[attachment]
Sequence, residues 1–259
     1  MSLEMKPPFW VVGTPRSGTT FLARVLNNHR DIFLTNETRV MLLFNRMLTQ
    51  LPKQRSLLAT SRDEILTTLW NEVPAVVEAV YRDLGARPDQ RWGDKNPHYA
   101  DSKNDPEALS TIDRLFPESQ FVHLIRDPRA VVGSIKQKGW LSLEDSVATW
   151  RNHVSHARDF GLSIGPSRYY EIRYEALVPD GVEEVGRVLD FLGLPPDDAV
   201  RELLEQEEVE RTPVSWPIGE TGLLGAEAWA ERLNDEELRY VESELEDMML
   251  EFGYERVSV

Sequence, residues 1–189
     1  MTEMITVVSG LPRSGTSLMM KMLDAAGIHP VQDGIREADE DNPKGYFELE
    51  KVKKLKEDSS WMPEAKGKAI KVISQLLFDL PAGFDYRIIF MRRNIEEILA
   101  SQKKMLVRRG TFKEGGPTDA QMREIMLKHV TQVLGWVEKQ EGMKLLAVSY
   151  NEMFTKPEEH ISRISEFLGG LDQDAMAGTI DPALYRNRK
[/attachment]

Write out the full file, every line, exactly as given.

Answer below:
Sequence, residues 1–259
     1  MSLEMKPPFW VVGTPRSGTT FLARVLNNHR DIFLTNETRV MLLFNRMLTQ
    51  LPKQRSLLAT SRDEILTTLW NEVPAVVEAV YRDLGARPDQ RWGDKNPHYA
   101  DSKNDPEALS TIDRLFPESQ FVHLIRDPRA VVGSIKQKGW LSLEDSVATW
   151  RNHVSHARDF GLSIGPSRYY EIRYEALVPD GVEEVGRVLD FLGLPPDDAV
   201  RELLEQEEVE RTPVSWPIGE TGLLGAEAWA ERLNDEELRY VESELEDMML
   251  EFGYERVSV

Sequence, residues 1–189
     1  MTEMITVVSG LPRSGTSLMM KMLDAAGIHP VQDGIREADE DNPKGYFELE
    51  KVKKLKEDSS WMPEAKGKAI KVISQLLFDL PAGFDYRIIF MRRNIEEILA
   101  SQKKMLVRRG TFKEGGPTDA QMREIMLKHV TQVLGWVEKQ EGMKLLAVSY
   151  NEMFTKPEEH ISRISEFLGG LDQDAMAGTI DPALYRNRK